An orthodox wedding ceremony, either an Eastern or Greek orthodox wedding, involves a lot of symbolic activities. Imagine having those activities in one of Italy’s most romantic and masterpiece Orthodox Churches in Florence, Rome or one close to St. Mark. An Orthodox wedding ceremony begins with the guidance of the wedding officiator and the Koumbaros (a role for a wedding sponsor and may also serve as the best man).
- Exchanging of the rings – This is a betrothal ceremony in which the rings are blessed and placed on the third finger of the right hand, after the recital of the bible passages by the priest. The rings are exchanged by the priest or koumbaros between the couple’s fingers three times (representing the Holy Trinity), symbolizing that they’ll compensate each other’s weakness.
- Candles and Hand-Holding – The couples are given lit candles to hold in their left hands for the remainder of the service, symbolizing the couple’s spiritual willingness to receive God’s blessings. Also, the priest joins the couple’s right hands together as he prays for their marriage.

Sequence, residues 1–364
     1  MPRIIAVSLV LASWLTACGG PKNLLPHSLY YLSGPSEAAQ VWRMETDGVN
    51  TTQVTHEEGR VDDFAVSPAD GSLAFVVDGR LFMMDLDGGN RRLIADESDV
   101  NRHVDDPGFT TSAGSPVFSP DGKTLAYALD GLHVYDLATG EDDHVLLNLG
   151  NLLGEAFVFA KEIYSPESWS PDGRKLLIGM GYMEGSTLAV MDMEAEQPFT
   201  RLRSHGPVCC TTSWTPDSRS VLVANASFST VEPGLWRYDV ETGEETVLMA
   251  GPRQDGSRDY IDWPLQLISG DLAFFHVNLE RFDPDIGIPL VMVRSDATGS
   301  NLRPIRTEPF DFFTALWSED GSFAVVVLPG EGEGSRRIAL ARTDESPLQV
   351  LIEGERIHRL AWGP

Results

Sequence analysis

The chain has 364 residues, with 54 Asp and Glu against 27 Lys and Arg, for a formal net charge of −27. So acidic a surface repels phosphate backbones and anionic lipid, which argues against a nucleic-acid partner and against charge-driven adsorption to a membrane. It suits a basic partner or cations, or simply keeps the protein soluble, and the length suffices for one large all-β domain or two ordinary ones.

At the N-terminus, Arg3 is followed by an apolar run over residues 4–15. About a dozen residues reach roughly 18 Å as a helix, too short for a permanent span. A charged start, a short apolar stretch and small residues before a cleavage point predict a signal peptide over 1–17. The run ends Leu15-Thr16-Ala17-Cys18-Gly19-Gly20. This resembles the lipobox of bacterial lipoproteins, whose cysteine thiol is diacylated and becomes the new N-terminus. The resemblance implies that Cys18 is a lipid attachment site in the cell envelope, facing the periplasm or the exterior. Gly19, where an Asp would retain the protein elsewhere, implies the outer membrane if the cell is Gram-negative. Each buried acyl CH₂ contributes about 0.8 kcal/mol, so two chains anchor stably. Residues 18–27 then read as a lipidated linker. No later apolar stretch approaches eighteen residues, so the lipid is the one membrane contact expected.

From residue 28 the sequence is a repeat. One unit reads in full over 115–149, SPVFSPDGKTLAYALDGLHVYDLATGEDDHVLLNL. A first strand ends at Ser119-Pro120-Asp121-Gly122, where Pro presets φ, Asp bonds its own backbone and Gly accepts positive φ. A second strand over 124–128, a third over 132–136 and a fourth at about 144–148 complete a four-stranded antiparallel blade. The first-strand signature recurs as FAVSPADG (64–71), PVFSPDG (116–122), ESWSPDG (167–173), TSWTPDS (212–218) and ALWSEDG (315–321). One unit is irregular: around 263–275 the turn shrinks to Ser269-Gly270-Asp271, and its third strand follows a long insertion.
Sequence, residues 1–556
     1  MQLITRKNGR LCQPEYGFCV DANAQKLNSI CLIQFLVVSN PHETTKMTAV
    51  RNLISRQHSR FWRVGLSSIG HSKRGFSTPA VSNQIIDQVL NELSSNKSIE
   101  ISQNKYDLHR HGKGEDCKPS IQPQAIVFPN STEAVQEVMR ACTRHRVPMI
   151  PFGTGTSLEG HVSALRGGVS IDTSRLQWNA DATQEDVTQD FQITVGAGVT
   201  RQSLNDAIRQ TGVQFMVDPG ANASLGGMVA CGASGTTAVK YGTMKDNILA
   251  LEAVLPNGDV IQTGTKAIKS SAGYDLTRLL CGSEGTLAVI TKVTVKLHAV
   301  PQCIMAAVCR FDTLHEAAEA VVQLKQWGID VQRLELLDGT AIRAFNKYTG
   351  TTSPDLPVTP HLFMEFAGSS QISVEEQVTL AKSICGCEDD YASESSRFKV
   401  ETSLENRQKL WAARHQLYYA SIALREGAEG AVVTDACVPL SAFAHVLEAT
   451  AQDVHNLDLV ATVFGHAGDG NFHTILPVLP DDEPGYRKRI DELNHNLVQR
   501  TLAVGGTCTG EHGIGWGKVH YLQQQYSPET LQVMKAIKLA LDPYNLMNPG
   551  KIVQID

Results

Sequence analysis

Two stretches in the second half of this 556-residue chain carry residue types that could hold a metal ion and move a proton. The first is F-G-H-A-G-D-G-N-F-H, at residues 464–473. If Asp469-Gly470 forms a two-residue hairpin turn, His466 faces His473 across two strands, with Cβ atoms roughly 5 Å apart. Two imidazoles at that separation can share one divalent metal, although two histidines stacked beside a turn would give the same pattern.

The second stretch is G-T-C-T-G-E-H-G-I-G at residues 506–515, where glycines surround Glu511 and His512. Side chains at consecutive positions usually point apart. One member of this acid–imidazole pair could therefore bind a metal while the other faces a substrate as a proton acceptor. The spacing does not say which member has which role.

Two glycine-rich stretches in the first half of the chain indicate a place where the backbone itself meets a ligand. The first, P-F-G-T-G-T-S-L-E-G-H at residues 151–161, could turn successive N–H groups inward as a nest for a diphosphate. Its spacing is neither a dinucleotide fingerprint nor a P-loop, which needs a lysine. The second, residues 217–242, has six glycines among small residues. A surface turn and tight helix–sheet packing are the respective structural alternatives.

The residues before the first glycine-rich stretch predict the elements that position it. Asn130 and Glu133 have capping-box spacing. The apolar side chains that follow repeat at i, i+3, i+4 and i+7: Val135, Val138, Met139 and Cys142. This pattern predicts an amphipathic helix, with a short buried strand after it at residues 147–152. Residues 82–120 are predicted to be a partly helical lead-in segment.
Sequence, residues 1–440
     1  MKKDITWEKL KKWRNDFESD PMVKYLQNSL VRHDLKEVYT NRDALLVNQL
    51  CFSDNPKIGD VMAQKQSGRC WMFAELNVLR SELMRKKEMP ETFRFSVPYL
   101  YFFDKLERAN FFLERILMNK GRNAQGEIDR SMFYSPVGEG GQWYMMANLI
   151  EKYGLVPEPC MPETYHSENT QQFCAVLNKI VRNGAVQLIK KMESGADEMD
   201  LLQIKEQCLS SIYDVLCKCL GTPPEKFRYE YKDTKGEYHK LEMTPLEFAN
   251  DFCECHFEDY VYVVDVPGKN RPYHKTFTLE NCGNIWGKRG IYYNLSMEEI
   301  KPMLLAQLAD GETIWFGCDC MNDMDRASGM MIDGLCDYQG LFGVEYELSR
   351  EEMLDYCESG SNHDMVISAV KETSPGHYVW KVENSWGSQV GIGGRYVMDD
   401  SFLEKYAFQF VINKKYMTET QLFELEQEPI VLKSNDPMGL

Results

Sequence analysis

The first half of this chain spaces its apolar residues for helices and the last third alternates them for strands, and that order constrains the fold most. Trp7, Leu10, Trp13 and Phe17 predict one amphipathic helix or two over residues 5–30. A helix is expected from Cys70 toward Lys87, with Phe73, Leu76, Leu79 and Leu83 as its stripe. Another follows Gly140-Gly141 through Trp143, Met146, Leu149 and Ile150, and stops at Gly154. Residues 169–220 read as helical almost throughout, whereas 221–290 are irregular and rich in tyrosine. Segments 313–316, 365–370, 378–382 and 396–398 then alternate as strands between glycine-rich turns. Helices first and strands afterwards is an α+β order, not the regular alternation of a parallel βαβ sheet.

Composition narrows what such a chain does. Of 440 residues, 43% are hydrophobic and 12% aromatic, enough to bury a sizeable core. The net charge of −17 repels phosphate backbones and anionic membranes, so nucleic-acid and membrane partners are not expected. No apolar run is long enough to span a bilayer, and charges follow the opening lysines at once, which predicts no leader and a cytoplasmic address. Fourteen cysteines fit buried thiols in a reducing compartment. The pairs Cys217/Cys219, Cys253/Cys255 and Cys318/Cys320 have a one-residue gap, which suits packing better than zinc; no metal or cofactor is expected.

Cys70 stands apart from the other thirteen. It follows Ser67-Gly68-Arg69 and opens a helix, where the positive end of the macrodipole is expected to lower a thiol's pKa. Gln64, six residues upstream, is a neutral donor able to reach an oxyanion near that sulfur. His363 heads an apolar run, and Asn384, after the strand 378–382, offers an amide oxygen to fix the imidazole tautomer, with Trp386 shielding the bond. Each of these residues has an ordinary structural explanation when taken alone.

- Stefana Crowning – Regarded as the centerpiece of the orthodox marriage ceremony, it symbolizes the marriage as a blessing from God as the koumbaros present the couple with two crowns joined by a white ribbon to symbolize the couple’s unity. The crowns are placed on the couple’s head by the priest as they face the altar, while the koumbaros swap the crowns on the couple’s head three times.
- Drinking from Common Cup – Based on the wedding of the Cana of Galilee where Jesus turned water to wine, the ritual of the common cup is where the couple takes three sips of wine from a shared cup to represent life and mutual sharing of joy and sorrow.
- Circling the Altar – The couple take their first step as a couple with the priest of koumbaro leading them as they dance-walk around the altar three times
- Traditional Blessings – The final ritual ceremony ends with parting blessings by the Priest.
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